For Cambridge-based Rasmussen brothers, a steady ‘Crawl’ into Hollywood

Mark Wilson
Michael (left) and Shawn Rasmussen, the screenwriting duo behind “Crawl,” do their best work from Cambridge.

“Halloween” maestro John Carpenter, splatstick icon Sam Raimi (“Evil Dead”), and noted gorehound Alexandre Aja (“High Tension”) share a reputation for making lean-and-mean horror movies, the kind that rarely waste a shot or pass up a good scare. But they’ve got something else in common, too: Cambridge-based scribes Michael and Shawn Rasmussen.

The brothers — previously best known for scripting Carpenter’s 2010 thriller “The Ward” — are behind this summer’s ferocious “Crawl,” on Blu-ray this week. It centers on a young woman (Kaya Scodelario) trapped with her injured dad (Barry Pepper) during a Category 5 hurricane, whose flooding Florida home starts to fill with hungry alligators.

Aja — no stranger to waterborne terrors after making “Piranha 3-D” (2010) — directed, with Raimi producing; the pair were immediately hooked by the Rasmussens’ story, which they wrote from Cambridge.


“I cannot believe no one else had come up with that idea: alligators, Florida, hurricane,” Shawn remembers thinking. Both brothers spoke to the Globe, coffees in hand, during a recent sitdown at Somerville’s Diesel Cafe.

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When Michael pitched him on the concept for “Crawl,” which he’d hatched after spending two postgrad years in the Sunshine State, Shawn did his due diligence, convinced someone must have beaten them to the punch.

But when it became clear no one had, the race was on to write and sell what the pair envisioned as “Jaws” for alligators, set entirely in the crawlspace beneath one Florida residence. They brought it to producer Craig Flores, who sent Aja the logline and heard back quickly. “That was all [Aja] needed to get on the phone and tell us he wanted to make it, only bigger,” says Michael.

Adds Shawn: “We’d been writing with handcuffs on. He wanted to blow it up, make it a larger, more expensive film than we’d written.”

The pair were game, condensing their original script into two acts then adding an explosive third that brought the action upstairs, allowing for a more dynamic story and one particularly gnarly sequence involving looters at a nearby gas station. The Rasmussens instinctively played up the primeval terror of alligators, with those snapping jaws and sinister smiles.


“They really are dinosaurs,” says Shawn. “What amazes me is that, in Florida, they’re on the golf courses, in the canals, and people have these little four-feet gates around their ponds to keep them in. I’m like, ‘I don’t know, guys.’ ”

To write “Crawl,” the Rasmussens leaned on skills honed across more than 15 years of penning scripts. They first teamed up after moving to Boston for corporate jobs; though Michael had a film degree, neither had found work in that field.

“We were bored out of our minds working in the cubicle environment,” remembers Shawn. For fun, the pair wrote a thriller, “Long Distance,” and were stunned when, just six months later, a producer they’d sent it to started shooting the project in an abandoned mental hospital in downtown Boston. “It actually spoiled us,” says Shawn. “That was a one-off. It doesn’t ever happen like that.”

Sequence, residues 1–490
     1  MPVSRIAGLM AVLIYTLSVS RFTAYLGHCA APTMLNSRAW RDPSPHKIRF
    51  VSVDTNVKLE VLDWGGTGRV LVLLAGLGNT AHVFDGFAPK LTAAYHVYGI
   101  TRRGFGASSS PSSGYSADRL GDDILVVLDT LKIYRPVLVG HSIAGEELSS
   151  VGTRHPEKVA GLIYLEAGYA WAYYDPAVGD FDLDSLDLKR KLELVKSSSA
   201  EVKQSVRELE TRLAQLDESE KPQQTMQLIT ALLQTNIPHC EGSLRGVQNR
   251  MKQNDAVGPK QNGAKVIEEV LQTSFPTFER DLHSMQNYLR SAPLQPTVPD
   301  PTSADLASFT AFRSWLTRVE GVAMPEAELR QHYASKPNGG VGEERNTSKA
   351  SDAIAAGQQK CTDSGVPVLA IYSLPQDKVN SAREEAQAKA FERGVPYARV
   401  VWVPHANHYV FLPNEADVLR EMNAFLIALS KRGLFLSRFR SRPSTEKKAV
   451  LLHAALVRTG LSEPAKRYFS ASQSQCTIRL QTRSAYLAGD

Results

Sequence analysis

Though a two-year stint in Los Angeles proved less-than-encouraging, their luck eventually held. “The Ward,” a script they’d tried unsuccessfully to sell while there, landed on Carpenter’s desk only after the Rasmussens had moved back to Boston.

The brothers, scarcely believing their luck, took story meetings with Carpenter at a Beverly Hills poolside cabana, the director chain-smoking as he gave subtle, encouraging notes on their script. Both say that process was thrilling enough to keep them motivated – and inspire them to get behind the camera.


Since then, the brothers have stayed rooted in Cambridge; they’ve directed two of their own horror scripts, “Dark Feed” (2013) and “The Inhabitants” (2015), embracing the challenge of making microbudgeted films, learning as they go. Especially lately, they’re feeling inspired.

“Working with Aja and Raimi, it was just mind-blowing to have these idols make something you’d written,” says Shawn. “We were still pinching ourselves on the Carpenter thing, and this was just a whole other level.”

Next, they’ll shepherd a pair of horror shorts toward the big screen. For “Bedtime Story,” about two boys terrorized when their mother’s ghostly tales spring to life, they’re reteaming with Raimi and Flores as executive-producers. They’re also working on “Meet Jimmy,” which gives true-crime podcasts a bloody twist when those tuning into one are targeted by the serial killer profiled in it. What about a “Crawl” sequel? Everyone’s enthusiastic, they say, but the jury’s still out. The Rasmussens have another, loftier goal: bringing horror movies back to New England.

“It’s amazing how much history is here, from Edgar Allan Poe to the Salem witch trials, all this Gothic horror,” explains Michael. Around Boston, inspiration’s literally beneath your feet, they say.

“You’re on a weekend road-trip and find some gravesite,” adds Shawn. “You start writing in your notebook, ‘I wonder, who’s buried here?’ ”

Isaac Feldberg can be reached at Follow him on Twitter @isaacfeldberg.